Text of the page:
Experts say guidelines could help schools avoid controversies like recent one in Fort Worth
From a 6-year-old kindergartner in Florida who wears dresses to school to a 17-year-old senior in California who ran for prom king to 15-year-old Rochelle Evans of Fort Worth, trangender kids are gaining acceptance in the nation’s public education system.
But discrimination and harassment are still widespread, some experts say, and very few U.S. school districts have written policies related to transgender students. Although the Fort Worth Independent School District reportedly agreed last week to allow the 15-year-old Rochelle, formerly known as Rodney, to identify as a girl at Eastern Hills High School, FWISD is not one of those few.
Neither is the Dallas Independent School District, which has a policy prohibiting discrimination based on sexual orientation but not gender identity. DISD spokeswoman Ivette Cruz Weis said administration officials are not aware of ever having had an openly transgender student in the district.
Meanwhile, some districts, like Los Angeles’, have gone a step further than merely prohibiting discrimination and harassment against transgender students they’ve laid out extensive guidelines covering everything from restroom use to dress codes to names and pronouns. Transgender is used to describe those whose outward appearance and internal identity differs from their sex at birth, regardless of whether their biological characteristics have changed.
“For any district to prepare for their staff to deal with situations they’re going to face is going to be helpful,” said Sue Spears, director of the Los Angeles Unified School District’s Educational Equity Compliance Office.
“It’s always better to be proactive,” Spears said, adding that the district has a handful of transgender students. “How do you hold people accountable when you haven’t clearly articulated your expectations for behavior and response?”
The LAUSD, second-largest in the U.S. with more than 720,000 students, has a seven-page reference guide requiring district staff to identify students by the names and pronouns they prefer; allow students to dress in accordance with the gender they assert; and either allow students to use bathrooms and locker rooms based on the gender they assert or provide reasonable alternatives.
Rochelle has said she was suspended by FWISD for refusing an assistant principal’s order to remove a wig and high heels. The incident resulted in a controversy that wasn’t resolved until attorneys stepped in on her behalf. One of those attorneys, Jerry Simoneaux Jr. of Houston, said he believes if the district had a policy in place, the whole thing could have been avoided.
“It would have been so easy for an administrator to point to a policy and say, “‘Excuse me, this is the policy on transgender people, and you can’t be harassing her,'” Simoneaux said.
However, he added he’s not optimistic districts in Texas will be drafting such policies in the near future.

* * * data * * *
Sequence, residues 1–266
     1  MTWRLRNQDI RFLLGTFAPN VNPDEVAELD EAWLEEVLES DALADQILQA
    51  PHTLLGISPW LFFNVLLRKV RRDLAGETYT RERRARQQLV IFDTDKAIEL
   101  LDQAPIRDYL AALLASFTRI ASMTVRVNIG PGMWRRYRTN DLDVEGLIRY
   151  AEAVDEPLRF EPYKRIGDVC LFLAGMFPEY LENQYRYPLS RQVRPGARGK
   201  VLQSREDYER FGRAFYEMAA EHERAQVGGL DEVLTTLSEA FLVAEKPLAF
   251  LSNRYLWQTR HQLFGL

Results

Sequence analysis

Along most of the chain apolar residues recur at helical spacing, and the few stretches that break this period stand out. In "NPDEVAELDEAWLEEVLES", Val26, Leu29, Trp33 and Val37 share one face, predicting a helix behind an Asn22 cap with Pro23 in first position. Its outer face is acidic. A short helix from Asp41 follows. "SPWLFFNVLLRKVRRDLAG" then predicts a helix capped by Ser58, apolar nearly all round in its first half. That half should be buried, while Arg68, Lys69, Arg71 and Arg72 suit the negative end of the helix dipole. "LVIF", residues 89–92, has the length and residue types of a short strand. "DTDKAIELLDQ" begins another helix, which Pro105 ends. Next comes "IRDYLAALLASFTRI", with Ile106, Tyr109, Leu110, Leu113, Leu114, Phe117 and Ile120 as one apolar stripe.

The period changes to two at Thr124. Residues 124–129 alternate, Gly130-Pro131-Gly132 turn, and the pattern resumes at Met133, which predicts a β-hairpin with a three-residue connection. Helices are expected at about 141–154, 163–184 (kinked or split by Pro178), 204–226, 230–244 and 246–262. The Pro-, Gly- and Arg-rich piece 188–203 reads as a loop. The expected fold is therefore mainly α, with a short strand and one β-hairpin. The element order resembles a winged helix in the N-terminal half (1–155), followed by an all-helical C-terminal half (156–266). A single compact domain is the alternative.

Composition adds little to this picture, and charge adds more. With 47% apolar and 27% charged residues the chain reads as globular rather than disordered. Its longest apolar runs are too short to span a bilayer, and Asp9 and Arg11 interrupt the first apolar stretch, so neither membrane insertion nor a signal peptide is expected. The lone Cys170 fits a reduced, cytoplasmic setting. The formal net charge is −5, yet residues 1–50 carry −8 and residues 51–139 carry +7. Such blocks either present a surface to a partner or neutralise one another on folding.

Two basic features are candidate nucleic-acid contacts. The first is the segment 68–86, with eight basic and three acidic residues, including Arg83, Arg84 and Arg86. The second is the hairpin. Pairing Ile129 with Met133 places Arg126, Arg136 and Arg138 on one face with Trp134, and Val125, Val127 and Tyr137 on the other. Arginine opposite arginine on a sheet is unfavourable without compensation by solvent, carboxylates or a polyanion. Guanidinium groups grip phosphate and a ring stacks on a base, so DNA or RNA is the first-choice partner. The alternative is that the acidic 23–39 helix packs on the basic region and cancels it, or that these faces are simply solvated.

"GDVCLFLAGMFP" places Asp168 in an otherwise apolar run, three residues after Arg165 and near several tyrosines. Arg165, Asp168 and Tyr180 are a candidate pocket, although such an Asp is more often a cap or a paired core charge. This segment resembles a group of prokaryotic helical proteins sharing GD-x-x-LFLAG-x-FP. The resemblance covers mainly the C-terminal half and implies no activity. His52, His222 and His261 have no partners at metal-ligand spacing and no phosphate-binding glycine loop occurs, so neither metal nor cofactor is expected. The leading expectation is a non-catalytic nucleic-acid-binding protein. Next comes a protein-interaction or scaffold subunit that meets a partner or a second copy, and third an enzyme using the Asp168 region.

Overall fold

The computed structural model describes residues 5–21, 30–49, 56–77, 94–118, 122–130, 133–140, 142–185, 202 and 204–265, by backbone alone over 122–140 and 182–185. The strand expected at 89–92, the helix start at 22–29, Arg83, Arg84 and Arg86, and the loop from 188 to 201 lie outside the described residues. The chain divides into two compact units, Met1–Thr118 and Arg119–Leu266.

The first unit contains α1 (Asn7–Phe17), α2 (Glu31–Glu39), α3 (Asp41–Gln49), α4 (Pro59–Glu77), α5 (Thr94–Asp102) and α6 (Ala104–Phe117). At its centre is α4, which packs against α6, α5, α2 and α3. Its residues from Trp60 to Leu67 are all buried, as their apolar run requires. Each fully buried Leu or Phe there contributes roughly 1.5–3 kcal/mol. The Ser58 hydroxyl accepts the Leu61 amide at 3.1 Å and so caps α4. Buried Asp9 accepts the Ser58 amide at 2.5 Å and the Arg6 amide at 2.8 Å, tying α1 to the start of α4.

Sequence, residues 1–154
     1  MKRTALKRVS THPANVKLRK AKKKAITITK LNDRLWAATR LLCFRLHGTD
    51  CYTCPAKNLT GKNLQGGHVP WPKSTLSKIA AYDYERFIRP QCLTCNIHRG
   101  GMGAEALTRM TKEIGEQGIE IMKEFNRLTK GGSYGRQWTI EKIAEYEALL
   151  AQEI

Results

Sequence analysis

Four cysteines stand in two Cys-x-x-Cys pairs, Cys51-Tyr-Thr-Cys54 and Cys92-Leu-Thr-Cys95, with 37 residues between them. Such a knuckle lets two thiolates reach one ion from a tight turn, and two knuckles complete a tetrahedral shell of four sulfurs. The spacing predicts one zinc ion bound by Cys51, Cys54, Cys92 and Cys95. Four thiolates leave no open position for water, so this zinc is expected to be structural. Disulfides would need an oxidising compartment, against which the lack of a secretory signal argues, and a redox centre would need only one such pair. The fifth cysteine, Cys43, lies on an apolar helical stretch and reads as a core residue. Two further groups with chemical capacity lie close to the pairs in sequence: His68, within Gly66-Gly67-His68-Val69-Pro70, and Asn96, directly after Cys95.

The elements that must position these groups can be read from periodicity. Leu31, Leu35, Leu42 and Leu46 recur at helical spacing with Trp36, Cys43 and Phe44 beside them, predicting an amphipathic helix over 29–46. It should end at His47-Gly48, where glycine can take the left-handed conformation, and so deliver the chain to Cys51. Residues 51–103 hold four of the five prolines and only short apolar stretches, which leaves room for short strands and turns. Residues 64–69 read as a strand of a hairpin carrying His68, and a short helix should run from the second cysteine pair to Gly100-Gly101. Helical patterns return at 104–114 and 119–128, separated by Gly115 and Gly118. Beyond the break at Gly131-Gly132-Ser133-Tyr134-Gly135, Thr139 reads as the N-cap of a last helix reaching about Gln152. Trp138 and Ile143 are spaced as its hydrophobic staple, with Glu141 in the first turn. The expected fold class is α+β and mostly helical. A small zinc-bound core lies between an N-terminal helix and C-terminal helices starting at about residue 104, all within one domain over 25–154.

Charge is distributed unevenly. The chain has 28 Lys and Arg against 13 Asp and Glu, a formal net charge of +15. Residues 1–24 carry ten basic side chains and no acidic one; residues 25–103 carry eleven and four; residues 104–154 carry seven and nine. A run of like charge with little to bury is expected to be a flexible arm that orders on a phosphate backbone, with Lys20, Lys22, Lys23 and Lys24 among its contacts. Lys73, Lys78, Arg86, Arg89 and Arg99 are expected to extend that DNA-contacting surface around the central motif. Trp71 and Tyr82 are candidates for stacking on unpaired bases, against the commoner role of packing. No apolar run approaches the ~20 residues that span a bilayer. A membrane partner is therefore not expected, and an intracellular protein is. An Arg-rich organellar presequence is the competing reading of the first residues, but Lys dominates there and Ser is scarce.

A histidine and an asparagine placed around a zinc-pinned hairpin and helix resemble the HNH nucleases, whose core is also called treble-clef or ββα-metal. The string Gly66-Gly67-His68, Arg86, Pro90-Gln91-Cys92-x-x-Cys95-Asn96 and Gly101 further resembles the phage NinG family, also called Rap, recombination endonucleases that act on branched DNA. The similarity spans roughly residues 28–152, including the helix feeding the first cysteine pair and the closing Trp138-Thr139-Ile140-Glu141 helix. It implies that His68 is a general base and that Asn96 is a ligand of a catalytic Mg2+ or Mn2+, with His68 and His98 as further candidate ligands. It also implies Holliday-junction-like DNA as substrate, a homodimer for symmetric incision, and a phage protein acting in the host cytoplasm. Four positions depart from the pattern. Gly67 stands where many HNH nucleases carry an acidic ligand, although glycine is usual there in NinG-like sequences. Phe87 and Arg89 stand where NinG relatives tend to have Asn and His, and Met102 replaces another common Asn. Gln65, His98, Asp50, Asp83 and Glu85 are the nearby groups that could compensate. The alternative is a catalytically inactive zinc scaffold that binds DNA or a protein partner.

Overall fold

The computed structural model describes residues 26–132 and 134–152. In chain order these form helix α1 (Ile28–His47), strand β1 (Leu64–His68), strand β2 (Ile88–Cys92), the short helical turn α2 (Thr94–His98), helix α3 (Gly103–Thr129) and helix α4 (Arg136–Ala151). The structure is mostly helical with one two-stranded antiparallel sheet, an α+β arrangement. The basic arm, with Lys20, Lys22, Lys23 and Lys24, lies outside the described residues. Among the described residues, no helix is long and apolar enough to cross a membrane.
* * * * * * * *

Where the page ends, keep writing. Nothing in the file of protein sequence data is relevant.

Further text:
“I think a written policy on transgender students would probably scare a lot of parents,” he said. “Maybe later on, as society becomes more aware of transgender people, I hope to see policies in place. We have to do this one step at a time.”
Despite the lack of a written policy, Simoneaux said Fort Worth ISD officials agreed during a meeting May 2 to allow Rochelle to return to school as Rochelle and use a single-stall bathroom in the nurse’s office as opposed to a boy’s or girl’s room.
“The good thing is that they were totally open to hearing what we had to say,” Simoneaux said “I think it was embarrassing for Fort Worth ISD to have this situation arise.”
FWISD administration officials did not respond to a request from the Voice this week for more information about practices related to transgender students. Members of the district’s Board of Education also did not return phone calls seeking comment.
But the district’s apparent decision to allow Rochelle to identify as a girl in school reflects a growing national trend, according to Shannon Minter, a member of the board of directors of the national Transgender Law & Policy Institute.
“What we’re seeing is that increasingly schools around the country, even if they don’t have a formal policy, they are generally, on the whole, doing the right thing and accepting transgender students,” Minter said. “There’s still a lot of the violence, and there’s still a lot of discrimination and harassment and fear. For the first time, we’re also seeing really significant progress.”
This is largely due to the fact that districts that don’t accept transgender students face the specter of lawsuits.
In 2000, the Massachusetts Superior Court ruled that a middle school could not prohibit a transgender student from expressing her identity because it would violate her First Amendment right to free expression and constitute sex discrimination. While the Massachusetts ruling does not apply to other states, there is also a possibility that transgender students are protected by federal Title IX, which prohibits sex discrimination in public education.
One good way for districts to avoid legal problems would be to adopt written policies.
“I think having a written policy and training helps things go much more smoothly,” Minter said. “Probably most districts aren’t even aware that this is something that they need to be thinking about. We’re trying to get the word out.”
The Dallas Voice sent an e-mail to all nine members of DISD’s Board of Trustees inquiring about the issue, but received no responses. Weis, the DISD spokeswoman, said administration officials told her they are unsure how the district the 12th-largest in the country with an enrollment of about 159,000 would respond to a transgender student.
“We would deal with these issues on a case-by-case basis,” she said. “But not having had a preceding case, it would be hard to make an assumption.”
This article appeared in the Dallas Voice print edition, April 27, 2007.